The hazards that pose the most health risks should be tackled first. These shouldn’t be ignored as your team fixes problems that are quick and easy to solve.

When deciding how to control a COSHH hazard, it helps to implement the hierarchy of control:

1. Elimination – Give careful consideration to your systems and processes until you can eliminate the exposure to hazardous substances on your premises.

2. Substitution – Find non-hazardous alternatives to substitute any hazardous substances in use (if applicable).

3. Isolation – Consider providing special equipment that encloses any hazardous processes to limit exposure.

4. Engineering – This step involves making physical changes to your work processes to reduce or remove risk. This could include adding splash guards to equipment or providing ventilation to an enclosed area.

5. Administration – Rotate shifts, make sure your staff are trained appropriately and install signs to use administration as a way of eliminating risk.

6. Personal Protective Equipment (PPE) – Provide PPE, such as face masks and gloves for staff that are at a high risk of exposure to hazards.

4. Implement control measures and record your findings

It’s a legal requirement for you to record all COSHH risk assessment results if you employ five or more staff. That said, we recommend that all businesses record their findings as a way of being accountable for the changes that they implement. Such records should list hazards identified, precautions put in place, and why these precautions were implemented.

5. Monitor performance across all areas and review your COSHH assessment

To confirm that your control measures are effective and test their longevity, your COSHH assessment should be regularly monitored.

It’s unnecessary to repeat the entire COSHH assessment process each time your assessment is reviewed. Instead, the current version should be revised, tweaking and updating things whenever appropriate.

Note, your COSHH assessment must be immediately reviewed if:

  • Evidence suggests your existing assessment is invalid. For example, if an accident happens that could have been prevented.
  • Work circumstances such as premises, equipment, processes, or substances change.
COSHH chemical cleaning supply stored safely in cleaning cupboard

Who will carry out the COSHH assessment?

The Approved Code to Regulation 6 states:

“Employers must ensure that whoever carries out the assessment and provides information on the prevention and control measures is competent to do so.”

Regulation 12 of the COSHH framework requires employers to make sure any person (either as a direct employee or otherwise) who undertakes work under COSHH has sufficient and suitable information, training, and instruction.

Therefore, as an employer, you must ensure any staff that work on your COSHH risk assessment are adequately trained so that they can assess risks without posing further harm to employees.

To be seen as competent, any person nominated to undertake a COSHH assessment must:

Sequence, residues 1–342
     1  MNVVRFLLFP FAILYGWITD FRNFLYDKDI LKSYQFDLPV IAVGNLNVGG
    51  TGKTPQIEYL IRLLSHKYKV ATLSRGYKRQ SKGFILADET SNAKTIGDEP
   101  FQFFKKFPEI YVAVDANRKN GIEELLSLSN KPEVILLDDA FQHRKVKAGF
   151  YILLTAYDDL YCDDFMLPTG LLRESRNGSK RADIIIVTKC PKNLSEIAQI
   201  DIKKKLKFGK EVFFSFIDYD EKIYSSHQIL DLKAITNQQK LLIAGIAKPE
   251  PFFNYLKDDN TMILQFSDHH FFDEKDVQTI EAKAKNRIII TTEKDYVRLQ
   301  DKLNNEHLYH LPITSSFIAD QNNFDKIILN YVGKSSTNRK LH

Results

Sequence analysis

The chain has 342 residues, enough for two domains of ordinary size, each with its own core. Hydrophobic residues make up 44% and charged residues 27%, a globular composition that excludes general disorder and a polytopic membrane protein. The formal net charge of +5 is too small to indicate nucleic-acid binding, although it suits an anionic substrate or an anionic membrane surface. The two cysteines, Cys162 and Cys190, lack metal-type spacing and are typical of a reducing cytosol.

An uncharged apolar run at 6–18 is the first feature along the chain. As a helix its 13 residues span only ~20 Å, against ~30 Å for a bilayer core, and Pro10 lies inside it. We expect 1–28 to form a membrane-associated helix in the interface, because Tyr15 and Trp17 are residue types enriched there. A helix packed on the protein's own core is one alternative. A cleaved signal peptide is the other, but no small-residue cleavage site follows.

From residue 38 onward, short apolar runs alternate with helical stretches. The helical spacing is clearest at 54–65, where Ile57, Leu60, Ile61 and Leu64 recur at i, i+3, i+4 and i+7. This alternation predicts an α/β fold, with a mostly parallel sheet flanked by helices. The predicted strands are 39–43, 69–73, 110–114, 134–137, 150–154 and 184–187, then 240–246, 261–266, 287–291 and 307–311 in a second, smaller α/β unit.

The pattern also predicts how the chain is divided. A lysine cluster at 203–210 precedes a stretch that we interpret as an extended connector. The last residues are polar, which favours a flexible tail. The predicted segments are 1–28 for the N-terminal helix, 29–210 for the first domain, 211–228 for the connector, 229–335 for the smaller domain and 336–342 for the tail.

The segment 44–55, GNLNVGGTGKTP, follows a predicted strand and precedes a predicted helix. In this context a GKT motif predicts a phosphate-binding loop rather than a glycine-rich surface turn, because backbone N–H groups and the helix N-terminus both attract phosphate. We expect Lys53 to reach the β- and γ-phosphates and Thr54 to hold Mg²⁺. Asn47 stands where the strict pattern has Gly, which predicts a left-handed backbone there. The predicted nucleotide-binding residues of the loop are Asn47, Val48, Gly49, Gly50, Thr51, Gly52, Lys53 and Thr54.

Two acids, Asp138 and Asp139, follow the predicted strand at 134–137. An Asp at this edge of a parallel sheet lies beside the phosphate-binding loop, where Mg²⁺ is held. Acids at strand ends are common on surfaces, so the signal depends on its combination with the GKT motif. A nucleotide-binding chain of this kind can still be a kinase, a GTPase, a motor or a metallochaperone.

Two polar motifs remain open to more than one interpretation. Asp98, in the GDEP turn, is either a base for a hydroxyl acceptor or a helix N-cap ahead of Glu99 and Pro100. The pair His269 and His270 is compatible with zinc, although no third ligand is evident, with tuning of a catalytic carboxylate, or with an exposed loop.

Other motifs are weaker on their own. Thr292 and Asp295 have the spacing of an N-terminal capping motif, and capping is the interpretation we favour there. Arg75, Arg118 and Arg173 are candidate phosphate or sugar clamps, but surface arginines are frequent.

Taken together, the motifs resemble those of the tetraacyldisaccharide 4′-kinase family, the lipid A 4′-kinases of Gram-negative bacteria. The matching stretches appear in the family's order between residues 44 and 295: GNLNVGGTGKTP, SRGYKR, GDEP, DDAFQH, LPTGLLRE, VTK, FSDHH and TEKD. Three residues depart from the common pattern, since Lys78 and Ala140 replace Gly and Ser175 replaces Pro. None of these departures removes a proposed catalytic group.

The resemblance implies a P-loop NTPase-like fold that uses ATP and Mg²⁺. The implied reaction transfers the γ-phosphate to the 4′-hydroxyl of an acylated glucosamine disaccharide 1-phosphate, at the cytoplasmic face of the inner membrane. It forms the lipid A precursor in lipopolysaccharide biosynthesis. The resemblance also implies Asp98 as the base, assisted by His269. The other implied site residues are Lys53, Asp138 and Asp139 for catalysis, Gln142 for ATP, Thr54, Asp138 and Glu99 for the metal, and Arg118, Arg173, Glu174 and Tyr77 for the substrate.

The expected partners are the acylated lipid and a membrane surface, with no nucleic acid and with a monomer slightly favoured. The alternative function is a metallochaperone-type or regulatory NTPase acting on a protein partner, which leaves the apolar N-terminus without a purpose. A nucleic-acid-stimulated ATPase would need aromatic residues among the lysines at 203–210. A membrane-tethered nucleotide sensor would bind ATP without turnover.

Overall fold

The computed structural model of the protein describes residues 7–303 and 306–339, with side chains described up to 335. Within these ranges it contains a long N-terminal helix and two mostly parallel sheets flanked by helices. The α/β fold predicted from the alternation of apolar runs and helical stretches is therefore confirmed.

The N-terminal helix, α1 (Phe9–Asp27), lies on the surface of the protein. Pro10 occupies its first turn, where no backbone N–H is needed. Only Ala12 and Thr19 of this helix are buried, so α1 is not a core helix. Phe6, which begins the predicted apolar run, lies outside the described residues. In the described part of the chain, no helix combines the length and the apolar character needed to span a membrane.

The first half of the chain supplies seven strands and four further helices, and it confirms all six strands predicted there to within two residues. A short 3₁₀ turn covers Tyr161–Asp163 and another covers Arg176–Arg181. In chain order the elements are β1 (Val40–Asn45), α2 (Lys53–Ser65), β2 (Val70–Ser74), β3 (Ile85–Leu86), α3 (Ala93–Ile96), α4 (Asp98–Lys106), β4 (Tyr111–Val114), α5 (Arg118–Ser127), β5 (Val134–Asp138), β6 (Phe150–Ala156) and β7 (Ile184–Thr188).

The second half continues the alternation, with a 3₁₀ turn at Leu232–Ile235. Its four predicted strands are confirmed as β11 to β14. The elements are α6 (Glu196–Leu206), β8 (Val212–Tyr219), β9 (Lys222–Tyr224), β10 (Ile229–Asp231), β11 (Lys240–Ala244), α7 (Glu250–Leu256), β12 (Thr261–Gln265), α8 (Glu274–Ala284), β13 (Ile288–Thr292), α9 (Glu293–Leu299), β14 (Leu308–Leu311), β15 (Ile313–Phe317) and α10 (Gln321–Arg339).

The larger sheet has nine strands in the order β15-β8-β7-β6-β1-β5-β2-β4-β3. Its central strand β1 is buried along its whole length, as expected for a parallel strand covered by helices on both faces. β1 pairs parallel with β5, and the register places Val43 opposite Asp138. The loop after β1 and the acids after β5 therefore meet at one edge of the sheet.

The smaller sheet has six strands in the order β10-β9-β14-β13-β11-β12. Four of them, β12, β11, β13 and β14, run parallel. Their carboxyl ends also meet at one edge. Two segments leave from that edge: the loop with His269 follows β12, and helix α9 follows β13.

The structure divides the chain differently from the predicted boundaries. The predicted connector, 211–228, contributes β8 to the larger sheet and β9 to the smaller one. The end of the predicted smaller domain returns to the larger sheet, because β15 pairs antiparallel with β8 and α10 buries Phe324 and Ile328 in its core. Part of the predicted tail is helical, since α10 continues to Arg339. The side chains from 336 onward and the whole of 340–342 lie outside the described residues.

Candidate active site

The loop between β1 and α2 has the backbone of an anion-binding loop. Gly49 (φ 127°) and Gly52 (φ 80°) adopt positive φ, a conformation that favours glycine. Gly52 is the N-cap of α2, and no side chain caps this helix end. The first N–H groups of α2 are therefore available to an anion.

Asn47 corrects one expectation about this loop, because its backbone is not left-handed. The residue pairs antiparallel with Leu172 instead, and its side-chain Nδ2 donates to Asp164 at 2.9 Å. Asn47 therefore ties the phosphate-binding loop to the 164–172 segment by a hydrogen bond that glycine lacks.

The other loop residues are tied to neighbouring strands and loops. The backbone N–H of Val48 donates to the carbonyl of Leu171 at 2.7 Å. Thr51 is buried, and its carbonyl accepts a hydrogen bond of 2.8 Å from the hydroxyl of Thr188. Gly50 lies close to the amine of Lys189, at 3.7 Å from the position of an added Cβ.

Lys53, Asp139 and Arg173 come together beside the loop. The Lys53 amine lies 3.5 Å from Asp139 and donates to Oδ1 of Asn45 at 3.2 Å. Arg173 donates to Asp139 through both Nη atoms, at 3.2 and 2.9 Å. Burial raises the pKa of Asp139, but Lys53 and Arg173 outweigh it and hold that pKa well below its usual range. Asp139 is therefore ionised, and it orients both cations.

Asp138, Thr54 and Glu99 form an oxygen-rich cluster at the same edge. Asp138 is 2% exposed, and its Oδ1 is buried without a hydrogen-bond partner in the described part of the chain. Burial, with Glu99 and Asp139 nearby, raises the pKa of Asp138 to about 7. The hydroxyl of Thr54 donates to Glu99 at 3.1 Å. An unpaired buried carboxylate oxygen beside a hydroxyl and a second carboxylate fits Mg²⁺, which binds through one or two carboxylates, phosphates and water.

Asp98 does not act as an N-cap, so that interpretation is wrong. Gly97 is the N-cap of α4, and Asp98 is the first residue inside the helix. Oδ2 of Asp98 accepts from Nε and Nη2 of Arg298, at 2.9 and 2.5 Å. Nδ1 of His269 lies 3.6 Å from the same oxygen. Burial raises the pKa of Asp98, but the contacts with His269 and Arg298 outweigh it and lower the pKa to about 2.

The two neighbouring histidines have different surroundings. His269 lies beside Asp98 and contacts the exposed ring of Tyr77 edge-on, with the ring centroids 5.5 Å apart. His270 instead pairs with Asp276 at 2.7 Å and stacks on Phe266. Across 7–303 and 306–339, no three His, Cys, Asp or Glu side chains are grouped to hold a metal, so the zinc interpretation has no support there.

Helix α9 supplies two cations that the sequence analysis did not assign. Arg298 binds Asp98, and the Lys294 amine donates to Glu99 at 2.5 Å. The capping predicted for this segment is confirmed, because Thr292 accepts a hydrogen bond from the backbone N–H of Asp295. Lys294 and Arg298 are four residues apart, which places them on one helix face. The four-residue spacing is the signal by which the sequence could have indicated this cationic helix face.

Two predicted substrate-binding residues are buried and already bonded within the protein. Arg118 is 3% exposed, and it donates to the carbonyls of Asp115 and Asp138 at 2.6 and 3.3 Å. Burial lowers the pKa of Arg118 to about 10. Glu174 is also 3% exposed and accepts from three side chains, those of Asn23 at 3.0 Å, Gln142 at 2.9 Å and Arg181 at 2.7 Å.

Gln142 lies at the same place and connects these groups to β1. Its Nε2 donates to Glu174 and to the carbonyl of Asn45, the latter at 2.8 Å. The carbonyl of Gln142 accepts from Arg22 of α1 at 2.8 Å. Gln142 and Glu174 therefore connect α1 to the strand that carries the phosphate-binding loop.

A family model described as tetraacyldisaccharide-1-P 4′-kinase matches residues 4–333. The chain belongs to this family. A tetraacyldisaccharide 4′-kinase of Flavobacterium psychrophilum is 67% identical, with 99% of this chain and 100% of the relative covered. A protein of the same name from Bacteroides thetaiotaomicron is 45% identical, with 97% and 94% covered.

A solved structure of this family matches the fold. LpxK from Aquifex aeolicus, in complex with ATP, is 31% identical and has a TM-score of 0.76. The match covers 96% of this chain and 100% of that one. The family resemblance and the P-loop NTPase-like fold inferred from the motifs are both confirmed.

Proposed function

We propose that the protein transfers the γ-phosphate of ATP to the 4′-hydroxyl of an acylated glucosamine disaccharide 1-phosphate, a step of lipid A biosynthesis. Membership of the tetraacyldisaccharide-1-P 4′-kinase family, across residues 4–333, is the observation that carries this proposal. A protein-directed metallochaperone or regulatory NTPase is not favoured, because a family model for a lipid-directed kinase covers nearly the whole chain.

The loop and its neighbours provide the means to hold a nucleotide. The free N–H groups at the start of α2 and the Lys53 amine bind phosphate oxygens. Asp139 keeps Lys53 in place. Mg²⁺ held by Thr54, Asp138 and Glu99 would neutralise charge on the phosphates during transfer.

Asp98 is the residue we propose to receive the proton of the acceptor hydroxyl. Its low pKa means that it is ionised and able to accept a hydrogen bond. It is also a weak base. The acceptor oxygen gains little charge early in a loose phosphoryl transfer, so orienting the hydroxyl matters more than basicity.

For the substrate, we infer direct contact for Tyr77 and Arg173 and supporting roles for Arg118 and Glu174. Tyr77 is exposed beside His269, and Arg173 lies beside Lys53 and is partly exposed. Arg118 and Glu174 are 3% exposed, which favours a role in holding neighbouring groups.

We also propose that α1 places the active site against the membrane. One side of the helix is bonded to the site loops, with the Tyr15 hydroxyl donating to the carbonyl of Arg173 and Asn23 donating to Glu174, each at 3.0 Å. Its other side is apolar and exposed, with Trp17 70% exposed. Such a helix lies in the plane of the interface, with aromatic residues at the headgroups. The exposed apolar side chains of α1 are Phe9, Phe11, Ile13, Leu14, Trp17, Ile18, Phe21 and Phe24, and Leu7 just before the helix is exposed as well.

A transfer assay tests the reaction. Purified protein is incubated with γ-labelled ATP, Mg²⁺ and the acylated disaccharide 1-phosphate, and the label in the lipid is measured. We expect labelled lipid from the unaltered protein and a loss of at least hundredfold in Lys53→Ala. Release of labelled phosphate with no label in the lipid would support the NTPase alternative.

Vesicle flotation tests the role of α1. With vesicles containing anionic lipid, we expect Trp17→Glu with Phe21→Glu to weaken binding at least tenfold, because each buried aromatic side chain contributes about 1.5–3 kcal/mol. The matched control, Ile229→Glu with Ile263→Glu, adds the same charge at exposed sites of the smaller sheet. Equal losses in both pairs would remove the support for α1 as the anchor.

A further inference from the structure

• Know how the work activity creates, produces, or uses substances that are hazardous to health.
  • Have training, skills, knowledge, and experience so that they can make clear decisions regarding the level of risk and the measures needed to control exposure adequately.
  • Be able, and authorised by their employer, to collate any necessary, relevant information.

Under the Regulation 7 requirements of the Management of Health and Safety Work Regulations 1999 (MHSWR), such competency should be available in-house. Therefore, all suitable employees should be provided with the proper instructions, information, and training to give them the expertise required to safely and effectively complete a COSHH assessment.

COSHH guidance recognises that, occasionally, external help is required. If this is the case, you, as an employer, must ensure that anyone involved in your COSHH assessment is fully capable of completing the task. To do this, you may provide specific information about your work circumstances, including any hazardous substances on the premises, and their hazardous properties.


COSHH was introduced as a legal framework to protect workers against exposure to hazardous substances. COSHH assessments place a duty on UK employers to assess any risks of exposure to substances that are hazardous to health and guarantee that the employees’ health and safety are protected at all times in the workplace.

If COSHH is poorly managed, your employees could suffer the potentially dangerous effects of hazardous substances, which can prove fatal. Improper COSHH assessments can cause loss of productivity in the workplace, leave you facing prosecution, and could lead to civil claims from your staff.

However, if you follow regulations and manage COSHH assessments carefully and professionally, workplace conditions will improve for all staff, reducing any time lost due to ill health, and mitigating the risk of litigation.

After conducting a thorough COSHH assessment, you will identify hazardous substances that may have previously gone unnoticed, and you’ll understand why they are hazardous.

This will help to ensure that no member of staff is unknowingly exposed to hazardous substances while completing their work. Ultimately, COSHH will give you and your team peace of mind, as your assessments rigorously improve workplace safety.

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About the author

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Marcel Deer

Marcel qualified as a journalist from Liverpool John Moore's University in 2009. After working in PR and digital marketing for five years, he spent two years working as a social media consultant. Since then, he's worked from 15 countries as a remote content writing/marketing expert.